Reading Wordsworth around the world

Celebrities, artists, writers and musicians have joined a project to celebrate the 250th anniversary of the birth of William Wordsworth .

They have read Wordsworth’s poems to be viewed and heard throughout the world on a website which has gone beyond the wildest dreams of the organisers, the poet’s descendants.

Wordsworth250 is being led by Christopher Wordsworth Andrew, the great great great great grandson of the poet whose family still own the house at Rydal Mount near Ambleside where William lived for most of his life.

The house, which opened to the public for the first time 50 years ago, is currently closed because of the health crisis. The family had planned a series of events there – including the 80th birthday of Christopher’s mother Susan – but decided that celebrations must go ahead in a virtual way.

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The website was featured this week in The Guardian which reports that: “A host of actors and celebrities have jumped at the chance to record their favourite Wordsworth poems to mark the 250th anniversary of his birth, with the poet’s descendants now appealing to the public to send in their own readings to help them build a living archive of his writing online.

“Stephen Fry and Brian Cox’s sonorous tones can be heard declaiming William Wordsworth’s The World Is Too Much With Us, Caroline Quentin is reading the Romantic poet’s Lines Written in Early Spring, and William H Macy has taken on his She Dwelt Among the Untrodden Ways.”

There have been poems set to music and sung; old favourites presented in new – and sometimes startling – ways. Actors such as Tom Conti have joined members of the Wordsworth family; readers old and young have presented their favourites.

The website is www.wordsworth250.com and contributions can be made by members of the public to wordsworth250@gmail.com ; audio or video files can be submitted and can be recorded on a mobile phone. If files are too large to email, they can be sent to the same address using We Transfer.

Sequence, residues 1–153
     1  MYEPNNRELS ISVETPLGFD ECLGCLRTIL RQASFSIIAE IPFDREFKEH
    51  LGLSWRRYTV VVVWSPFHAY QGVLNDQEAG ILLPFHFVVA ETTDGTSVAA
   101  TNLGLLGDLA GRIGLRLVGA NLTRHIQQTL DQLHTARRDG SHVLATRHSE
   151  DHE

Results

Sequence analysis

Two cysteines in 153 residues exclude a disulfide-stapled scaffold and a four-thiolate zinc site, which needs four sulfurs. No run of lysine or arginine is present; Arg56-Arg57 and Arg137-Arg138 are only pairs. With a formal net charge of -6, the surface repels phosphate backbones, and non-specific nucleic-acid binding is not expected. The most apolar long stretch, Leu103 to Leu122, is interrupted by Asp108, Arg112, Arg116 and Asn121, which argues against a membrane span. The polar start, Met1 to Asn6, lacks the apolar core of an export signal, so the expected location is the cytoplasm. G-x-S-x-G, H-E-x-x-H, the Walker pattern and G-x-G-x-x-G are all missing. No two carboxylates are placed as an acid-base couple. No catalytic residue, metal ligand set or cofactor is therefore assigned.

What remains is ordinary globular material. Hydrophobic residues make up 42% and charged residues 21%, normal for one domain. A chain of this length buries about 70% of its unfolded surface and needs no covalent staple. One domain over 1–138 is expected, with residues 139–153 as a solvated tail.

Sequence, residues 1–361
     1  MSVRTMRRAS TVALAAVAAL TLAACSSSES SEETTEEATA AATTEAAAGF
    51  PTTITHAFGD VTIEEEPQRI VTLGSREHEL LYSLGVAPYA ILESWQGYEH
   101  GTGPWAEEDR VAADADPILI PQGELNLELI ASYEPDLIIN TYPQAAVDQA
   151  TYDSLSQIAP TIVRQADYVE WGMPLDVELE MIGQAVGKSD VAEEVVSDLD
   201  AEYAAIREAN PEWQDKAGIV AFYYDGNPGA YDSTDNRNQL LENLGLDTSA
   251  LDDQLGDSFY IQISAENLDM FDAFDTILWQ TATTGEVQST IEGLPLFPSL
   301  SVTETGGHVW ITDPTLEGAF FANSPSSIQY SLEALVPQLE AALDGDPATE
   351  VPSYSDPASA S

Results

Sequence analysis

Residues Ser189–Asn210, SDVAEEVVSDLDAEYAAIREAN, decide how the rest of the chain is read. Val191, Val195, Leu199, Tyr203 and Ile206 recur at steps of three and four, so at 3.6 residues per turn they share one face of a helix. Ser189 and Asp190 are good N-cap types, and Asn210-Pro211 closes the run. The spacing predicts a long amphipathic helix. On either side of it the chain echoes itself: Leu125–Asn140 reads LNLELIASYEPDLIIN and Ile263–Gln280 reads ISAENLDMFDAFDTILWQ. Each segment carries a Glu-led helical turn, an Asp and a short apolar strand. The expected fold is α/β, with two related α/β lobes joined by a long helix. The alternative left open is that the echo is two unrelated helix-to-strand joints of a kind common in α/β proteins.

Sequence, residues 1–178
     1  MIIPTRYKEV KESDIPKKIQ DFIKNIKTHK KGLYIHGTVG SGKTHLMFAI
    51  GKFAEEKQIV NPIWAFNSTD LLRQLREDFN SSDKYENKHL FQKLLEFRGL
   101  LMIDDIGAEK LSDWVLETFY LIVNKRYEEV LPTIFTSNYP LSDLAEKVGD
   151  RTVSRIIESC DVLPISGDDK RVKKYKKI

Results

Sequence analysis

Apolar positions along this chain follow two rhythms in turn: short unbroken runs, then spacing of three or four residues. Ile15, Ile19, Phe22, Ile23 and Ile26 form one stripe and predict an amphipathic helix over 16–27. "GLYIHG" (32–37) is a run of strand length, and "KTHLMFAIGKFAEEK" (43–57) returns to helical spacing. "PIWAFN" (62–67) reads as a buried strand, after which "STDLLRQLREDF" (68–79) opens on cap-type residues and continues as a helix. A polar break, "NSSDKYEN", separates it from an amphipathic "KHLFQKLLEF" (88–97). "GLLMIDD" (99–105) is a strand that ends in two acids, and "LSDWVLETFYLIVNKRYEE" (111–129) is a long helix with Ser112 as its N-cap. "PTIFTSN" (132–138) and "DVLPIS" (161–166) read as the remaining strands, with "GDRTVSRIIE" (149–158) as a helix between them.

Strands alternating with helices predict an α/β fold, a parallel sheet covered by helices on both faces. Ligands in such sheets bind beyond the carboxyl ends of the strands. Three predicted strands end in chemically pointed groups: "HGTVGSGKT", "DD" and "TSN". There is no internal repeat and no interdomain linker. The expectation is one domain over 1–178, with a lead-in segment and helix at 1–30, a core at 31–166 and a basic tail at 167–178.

Christopher said that William’s poems were more relevant today than ever. “He was a pioneer with his views about nature and the environment.

“We launched three poems  with celebrity readings, and we have been overwhelmed by the response. We want to keep this open for everyone, to record their favourite poem and we will keep it on the website for ever. We found that actually everybody rather likes Wordsworth. Not just the daffodils and Westminster Bridge, but a whole load of other things as well.”

 

Join us and read YOUR favourite Wordsworth poem

Stephen Fry is joining descendants of William Wordsworth in reading poetry online in a celebration venture which will be open to everyone.

Anyone who loves Wordsworth is invited to record themselves reading their favourite poem and upload it to a website which is launched today, the 250th anniversary of the poet’s death. The first three poems are live now, beginning with Stephen Fry reading The world is too much with us.

He is followed by Susan Wordsworth Andrew (great great great grand-daughter) reading Afterthought, and Thea Aitchison (great great great great great grand-daughter) reading My heart leaps up.

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The project is being led by Christopher Wordsworth Andrew, the great great great great grandson of the poet whose family still own the house at Rydal Mount near Ambleside where William lived for most of his life.